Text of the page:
Enbridge (TSX:ENB) stock offers a big dividend. However, at $45 and change per share, the stock trades at similar levels in terms of stock price as in 2013, as growth has tapered off. For a decade from 2009, Enbridge stock was growing its dividend at a double-digit rate every year. However, it’s also true that its payout ratio has been expanding. Currently, the dividend stock targets a payout ratio that’s 60-70% of its distributable cash flow (DCF).
Although the stock price is about the same as 10 years ago, the stock has gone up and down several times in between. A high that it could revisit again is the $56-57 range. In other words, it could be a plausible strategy to buy low and sell high, while getting outsized dividend income from the stock.
What’s weighing on the stock?
Higher interest rates and slower growth have pressured the stock since 2022. The latest dip of close to 7% last week was due to an equity offering. Specifically, Enbridge sold $4.6 billion worth of common stock from its inventory of treasury shares in a bought deal offering. The group of underwriters, including the Big Six Canadian banks, sold the shares to the market for $44.70 a share. This sudden surge of shares sold at a lower price to the prior day’s market price of about $48.25 was what caused the selloff.
Acquiring gas utility assets
The equity offering was for Enbridge to raise cash to help it finance the acquisition of three natural gas distribution utilities from Dominion Energy for about $19 billion (i.e., US$14 billion) at a reasonable multiple of about 16.5 times this year’s earnings.
The gas utilitiesÂ serve approximately three million homes and businesses inÂ Ohio,Â North Carolina,Â Utah,Â Wyoming, andÂ IdahoÂ and collectively consist of about 125,528 km of natural gas distribution, transmission, gathering, and storage pipelines. This greatly expands Enbridge’s gas portfolio, adding to its existing gas utility operations that serve about 15 million people in Ontario and Quebec.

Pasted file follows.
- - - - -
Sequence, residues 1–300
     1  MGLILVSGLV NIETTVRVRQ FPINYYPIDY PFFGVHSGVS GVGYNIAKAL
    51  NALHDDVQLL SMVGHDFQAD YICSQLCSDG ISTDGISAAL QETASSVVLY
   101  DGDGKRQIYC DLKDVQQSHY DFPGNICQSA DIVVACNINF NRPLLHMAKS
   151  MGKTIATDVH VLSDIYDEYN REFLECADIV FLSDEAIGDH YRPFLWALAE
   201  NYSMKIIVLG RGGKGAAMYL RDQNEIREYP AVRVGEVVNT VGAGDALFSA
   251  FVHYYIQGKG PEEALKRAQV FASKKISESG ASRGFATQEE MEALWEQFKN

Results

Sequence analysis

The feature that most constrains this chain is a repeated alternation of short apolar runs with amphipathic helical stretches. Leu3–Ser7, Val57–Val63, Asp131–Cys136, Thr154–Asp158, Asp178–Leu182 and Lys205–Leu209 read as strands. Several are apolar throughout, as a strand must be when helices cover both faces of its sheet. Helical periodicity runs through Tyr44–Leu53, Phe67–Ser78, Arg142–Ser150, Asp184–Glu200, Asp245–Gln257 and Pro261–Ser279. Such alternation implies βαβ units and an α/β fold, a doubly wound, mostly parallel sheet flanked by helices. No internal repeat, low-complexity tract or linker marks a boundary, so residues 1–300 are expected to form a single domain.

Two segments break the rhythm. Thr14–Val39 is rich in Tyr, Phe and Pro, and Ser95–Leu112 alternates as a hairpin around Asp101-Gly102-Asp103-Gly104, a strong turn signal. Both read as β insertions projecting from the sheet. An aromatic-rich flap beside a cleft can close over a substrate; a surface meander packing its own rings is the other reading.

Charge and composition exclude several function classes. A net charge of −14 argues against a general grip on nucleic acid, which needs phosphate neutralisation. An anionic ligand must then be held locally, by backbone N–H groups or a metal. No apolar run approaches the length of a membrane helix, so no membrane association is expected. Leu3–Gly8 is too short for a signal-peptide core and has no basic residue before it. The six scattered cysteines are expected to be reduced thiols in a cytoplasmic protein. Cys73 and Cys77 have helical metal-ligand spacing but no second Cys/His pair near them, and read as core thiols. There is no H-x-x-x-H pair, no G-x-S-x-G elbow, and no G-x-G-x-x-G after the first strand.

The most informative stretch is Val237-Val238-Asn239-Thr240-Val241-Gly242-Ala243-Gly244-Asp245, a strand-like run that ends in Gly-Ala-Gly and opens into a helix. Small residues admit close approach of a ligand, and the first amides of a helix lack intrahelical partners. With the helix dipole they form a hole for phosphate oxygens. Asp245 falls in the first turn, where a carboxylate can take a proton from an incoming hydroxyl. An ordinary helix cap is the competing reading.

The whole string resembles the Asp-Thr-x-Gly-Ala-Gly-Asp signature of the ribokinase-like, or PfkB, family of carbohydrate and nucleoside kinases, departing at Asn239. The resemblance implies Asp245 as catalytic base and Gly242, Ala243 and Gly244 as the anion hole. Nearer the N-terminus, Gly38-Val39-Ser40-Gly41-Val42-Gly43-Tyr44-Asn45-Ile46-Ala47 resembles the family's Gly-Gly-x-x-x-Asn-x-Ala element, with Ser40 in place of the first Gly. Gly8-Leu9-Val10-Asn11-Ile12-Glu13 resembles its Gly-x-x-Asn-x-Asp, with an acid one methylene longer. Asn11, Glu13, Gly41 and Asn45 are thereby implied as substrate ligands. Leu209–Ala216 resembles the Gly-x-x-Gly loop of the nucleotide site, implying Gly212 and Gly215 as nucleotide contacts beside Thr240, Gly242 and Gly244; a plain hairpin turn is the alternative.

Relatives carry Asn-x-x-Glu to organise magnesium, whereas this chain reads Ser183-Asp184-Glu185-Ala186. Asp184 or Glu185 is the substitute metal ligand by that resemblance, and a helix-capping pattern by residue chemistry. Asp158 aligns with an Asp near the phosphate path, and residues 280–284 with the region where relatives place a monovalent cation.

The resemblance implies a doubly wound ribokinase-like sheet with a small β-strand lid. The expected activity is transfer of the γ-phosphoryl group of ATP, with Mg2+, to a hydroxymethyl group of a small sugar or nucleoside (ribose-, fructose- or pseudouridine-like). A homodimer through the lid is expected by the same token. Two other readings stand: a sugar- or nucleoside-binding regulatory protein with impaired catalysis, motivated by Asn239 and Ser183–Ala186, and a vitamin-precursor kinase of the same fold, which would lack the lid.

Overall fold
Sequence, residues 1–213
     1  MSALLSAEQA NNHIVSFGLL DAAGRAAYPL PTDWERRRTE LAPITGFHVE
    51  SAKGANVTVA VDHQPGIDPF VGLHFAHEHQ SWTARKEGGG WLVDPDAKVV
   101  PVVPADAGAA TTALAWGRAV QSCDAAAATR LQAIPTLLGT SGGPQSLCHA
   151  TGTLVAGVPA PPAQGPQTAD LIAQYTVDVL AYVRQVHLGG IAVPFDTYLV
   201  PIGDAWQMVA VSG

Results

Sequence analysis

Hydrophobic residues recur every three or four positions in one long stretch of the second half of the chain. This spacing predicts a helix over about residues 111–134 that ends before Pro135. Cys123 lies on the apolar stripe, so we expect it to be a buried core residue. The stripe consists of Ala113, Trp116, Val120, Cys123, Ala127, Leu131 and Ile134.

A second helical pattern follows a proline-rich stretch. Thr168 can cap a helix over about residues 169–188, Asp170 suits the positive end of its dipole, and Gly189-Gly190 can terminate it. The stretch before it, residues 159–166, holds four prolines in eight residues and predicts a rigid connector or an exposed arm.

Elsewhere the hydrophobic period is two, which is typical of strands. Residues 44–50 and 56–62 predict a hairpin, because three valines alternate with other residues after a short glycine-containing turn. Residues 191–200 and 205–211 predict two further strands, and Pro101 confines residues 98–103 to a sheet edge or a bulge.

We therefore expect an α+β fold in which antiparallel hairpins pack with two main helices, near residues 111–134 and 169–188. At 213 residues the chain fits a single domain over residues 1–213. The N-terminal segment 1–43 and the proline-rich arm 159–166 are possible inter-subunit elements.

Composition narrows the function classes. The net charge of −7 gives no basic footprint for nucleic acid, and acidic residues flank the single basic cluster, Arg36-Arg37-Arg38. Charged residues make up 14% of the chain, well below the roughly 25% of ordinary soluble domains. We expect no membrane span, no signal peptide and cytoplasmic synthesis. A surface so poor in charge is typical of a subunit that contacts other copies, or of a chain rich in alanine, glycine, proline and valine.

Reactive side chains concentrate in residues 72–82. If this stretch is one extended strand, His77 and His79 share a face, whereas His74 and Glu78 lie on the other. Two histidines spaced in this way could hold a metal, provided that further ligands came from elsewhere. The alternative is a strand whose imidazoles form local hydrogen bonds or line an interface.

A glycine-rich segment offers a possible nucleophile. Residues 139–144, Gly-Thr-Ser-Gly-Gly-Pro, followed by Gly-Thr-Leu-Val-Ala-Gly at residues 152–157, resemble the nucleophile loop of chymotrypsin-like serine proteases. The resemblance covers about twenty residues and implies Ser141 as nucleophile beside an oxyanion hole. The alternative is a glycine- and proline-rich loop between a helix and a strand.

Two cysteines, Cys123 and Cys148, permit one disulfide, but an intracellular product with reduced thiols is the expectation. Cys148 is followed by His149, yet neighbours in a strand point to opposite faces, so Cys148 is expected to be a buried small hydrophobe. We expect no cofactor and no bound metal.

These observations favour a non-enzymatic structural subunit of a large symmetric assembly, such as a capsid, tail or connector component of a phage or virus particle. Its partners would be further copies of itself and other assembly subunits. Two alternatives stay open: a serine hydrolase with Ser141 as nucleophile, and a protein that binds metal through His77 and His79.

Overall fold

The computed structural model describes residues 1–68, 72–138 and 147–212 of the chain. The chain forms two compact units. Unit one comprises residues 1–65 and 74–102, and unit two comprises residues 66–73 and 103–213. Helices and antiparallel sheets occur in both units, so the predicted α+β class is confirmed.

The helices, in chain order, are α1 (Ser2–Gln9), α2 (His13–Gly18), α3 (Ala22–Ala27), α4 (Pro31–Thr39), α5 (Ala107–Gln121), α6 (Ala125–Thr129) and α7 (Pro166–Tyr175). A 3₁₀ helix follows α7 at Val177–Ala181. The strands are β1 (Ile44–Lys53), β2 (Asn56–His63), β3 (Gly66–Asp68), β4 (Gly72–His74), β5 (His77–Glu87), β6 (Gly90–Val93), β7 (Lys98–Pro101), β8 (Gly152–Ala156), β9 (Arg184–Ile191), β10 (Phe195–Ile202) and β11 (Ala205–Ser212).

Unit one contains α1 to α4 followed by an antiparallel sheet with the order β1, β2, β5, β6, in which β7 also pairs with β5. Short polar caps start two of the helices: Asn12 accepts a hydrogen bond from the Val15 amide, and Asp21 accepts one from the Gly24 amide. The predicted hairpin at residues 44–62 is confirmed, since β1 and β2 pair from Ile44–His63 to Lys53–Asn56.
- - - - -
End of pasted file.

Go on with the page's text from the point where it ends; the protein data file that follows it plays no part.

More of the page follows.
Enbridge’s press release of the strategic acquisition highlighted that the “compounded annual growth rate of approximately 8% on the consolidated rate base is expected to deliver long-term value for Enbridge shareholders.” Additionally, it is “expected to be accretive to DCF per share and adjusted earnings per share in the first full year of ownership, increasing over time driven by the addition of approximately $1.7 billion of annual, low-risk, quick-cycle rate base investments to Enbridge’s secured growth backlog.”
The acquisition is viewed as a defensive move that would result in Enbridge’s earnings mix of about 50% in natural gas and renewables and 50% in liquids pipelines upon the expected closing of the transaction in 2024. It would also help Enbridge maintain its near-term and medium-term outlook as well as strengthen its long-term dividend-growth profile.
Enbridge has paid dividends for about 70 years and increased its dividend for about 27 consecutive years. Through 2025, it expects to grow its DCF per share by about 3% per year, which should lead to similar dividend growth. Post 2025, it anticipates the DCF-per-share growth rate to bump up to approximately 5%, which could also boost the dividend growth.
At $45.77 per share, the blue-chip stock offers a high dividend yield of close to 7.8%. Its payout ratio in the first half of the year was sustainable at approximately 63% of the distributable cash flow. Analysts believe it trades at a good valuation, with the consensus 12-month price target suggesting a discount of 18%. With no valuation expansion, investors can approximate total returns of about 10.8% on a 7.8% dividend and 3% growth rate. So, it could be a good buy at current levels, especially as a partial position, for income-focused investors.
Price appreciation from valuation expansion could also be in the cards, but more patience may be needed. Typically, during recessions, the central banks would reduce the benchmark interest rates that should help lift the stock.
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* Returns as of 8/16/23
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